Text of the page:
Arlee Gold is anxious about spending the summer at the college prep Camp Rockaway—the same camp her mother attended years ago, which her mother insists will help give Arlee a “fresh start” and will “change her life.” Little does Arlee know that, once she steps foot on the manicured grounds, this will prove to be true in horrifying ways. Even though the girls in her cabin are awesome—and she’s developing a major crush on the girl who sleeps in the bunk above her—the other campers seem to be wary of Arlee, unwilling to talk to her or be near her, which only ramps up her paranoia. When she’s tapped to join a strange secret society, Arlee thinks this will be her shot at fitting in…until her new “sisters” ask her to do the unthinkable, putting her life, and the life of her new crush, in perilous danger.
With a cover like that, for a book about a summer camp that turns out to be a lot more horrifying than it seems, with a secret society that requires the unthinkable, and it’s sapphic, I was very, very eager to read it. It sounded like it was good to be weird and disturbing, and I love those kinds of books. Trigger warnings: blood, insects, gore, mentions of sexual assault/harassment
This book feels like touching a live wire. Electrifying and terrifying. It is downright weird, and completely disturbing. And that’s what makes it very good.
Julia writes pain so well. The kind that digs under your skin and makes you uncomfortable, and honestly it’s a true testament to her talent. Her writing feels like the pierce of a needle, sharp and stinging. It also seems to grow, as things devolve and more is revealed. Really, it works so, so well with what this book is trying to do.
Things in this book get disturbing. Like, jaw dropping disturbing. You think it’s gone to edge, only for things to tip right over. It gets weirder and weirder, and I very much admire that it embraced everything disturbing about it.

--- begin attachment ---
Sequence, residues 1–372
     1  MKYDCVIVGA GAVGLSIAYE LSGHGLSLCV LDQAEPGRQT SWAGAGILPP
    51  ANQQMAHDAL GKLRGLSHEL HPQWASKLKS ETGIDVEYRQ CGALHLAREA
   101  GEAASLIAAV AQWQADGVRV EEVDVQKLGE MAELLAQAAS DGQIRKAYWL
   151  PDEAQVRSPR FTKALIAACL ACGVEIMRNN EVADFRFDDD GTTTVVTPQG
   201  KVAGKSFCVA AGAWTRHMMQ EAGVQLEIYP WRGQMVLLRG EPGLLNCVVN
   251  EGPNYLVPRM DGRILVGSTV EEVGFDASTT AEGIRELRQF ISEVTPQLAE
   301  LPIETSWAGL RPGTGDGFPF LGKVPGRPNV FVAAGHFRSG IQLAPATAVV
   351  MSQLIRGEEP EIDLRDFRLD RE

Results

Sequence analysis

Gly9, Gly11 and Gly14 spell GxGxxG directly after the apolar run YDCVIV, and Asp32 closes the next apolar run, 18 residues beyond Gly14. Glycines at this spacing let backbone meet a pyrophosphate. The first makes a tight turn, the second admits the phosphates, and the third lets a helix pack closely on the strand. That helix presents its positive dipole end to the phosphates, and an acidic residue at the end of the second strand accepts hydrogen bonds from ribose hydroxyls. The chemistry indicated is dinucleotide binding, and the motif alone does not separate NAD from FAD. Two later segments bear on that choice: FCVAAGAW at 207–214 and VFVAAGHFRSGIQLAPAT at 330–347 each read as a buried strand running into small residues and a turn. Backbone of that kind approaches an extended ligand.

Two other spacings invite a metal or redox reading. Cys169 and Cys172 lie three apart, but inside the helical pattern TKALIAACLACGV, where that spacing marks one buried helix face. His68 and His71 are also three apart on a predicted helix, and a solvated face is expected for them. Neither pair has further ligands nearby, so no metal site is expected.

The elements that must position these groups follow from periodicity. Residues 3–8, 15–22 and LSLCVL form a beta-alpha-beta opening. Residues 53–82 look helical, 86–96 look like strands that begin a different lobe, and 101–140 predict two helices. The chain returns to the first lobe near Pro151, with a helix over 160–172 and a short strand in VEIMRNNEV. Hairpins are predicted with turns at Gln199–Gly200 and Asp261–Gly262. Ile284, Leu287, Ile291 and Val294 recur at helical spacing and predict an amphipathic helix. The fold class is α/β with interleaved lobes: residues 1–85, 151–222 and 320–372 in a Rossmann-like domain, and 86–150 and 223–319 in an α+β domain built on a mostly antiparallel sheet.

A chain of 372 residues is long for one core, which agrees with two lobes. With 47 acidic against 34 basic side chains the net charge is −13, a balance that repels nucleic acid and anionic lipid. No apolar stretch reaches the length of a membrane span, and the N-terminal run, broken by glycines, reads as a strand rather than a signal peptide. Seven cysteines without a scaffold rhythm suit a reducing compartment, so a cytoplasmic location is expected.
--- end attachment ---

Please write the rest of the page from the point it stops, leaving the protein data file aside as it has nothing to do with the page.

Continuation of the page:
I also really loved Arlee. She’s got this anger to her, this viciousness that she tries to hide but ekes out of her. I really, really loved how her emotions were portrayed. How some things are just so overwhelming and they’re so much. Arlee feels greatly, and she also cares. She wants friends, she wants to be included and loved. She also wants to protect the one she cares about.
The other campers were also fantastic. I loved how there was a whole cast of girls, some cool, some weird, and some mean. It made for incredibly dynamics.
The camp as a whole was freaking weird. There are parts of it that are so cool, but there’s also so much that’s just off about it. Something is lurking or something is coating this place with unease. So, it was written really, really well.
The one thing that I didn’t completely love was the ending. It felt a bit abrupt, but I think I understand what it was trying to do. I kind of wanted more out of it, and how it tied into the central theme. But I also understand why it did what it did. My feelings towards it are complicated.
This book also makes the fantastic point: Horses are terrifying.
Overall, this book was good. It’s completely disturbing and terrifying, and there’s a viciousness just waiting to be unleashed. There’s bugs and horses and blood and it’s very good.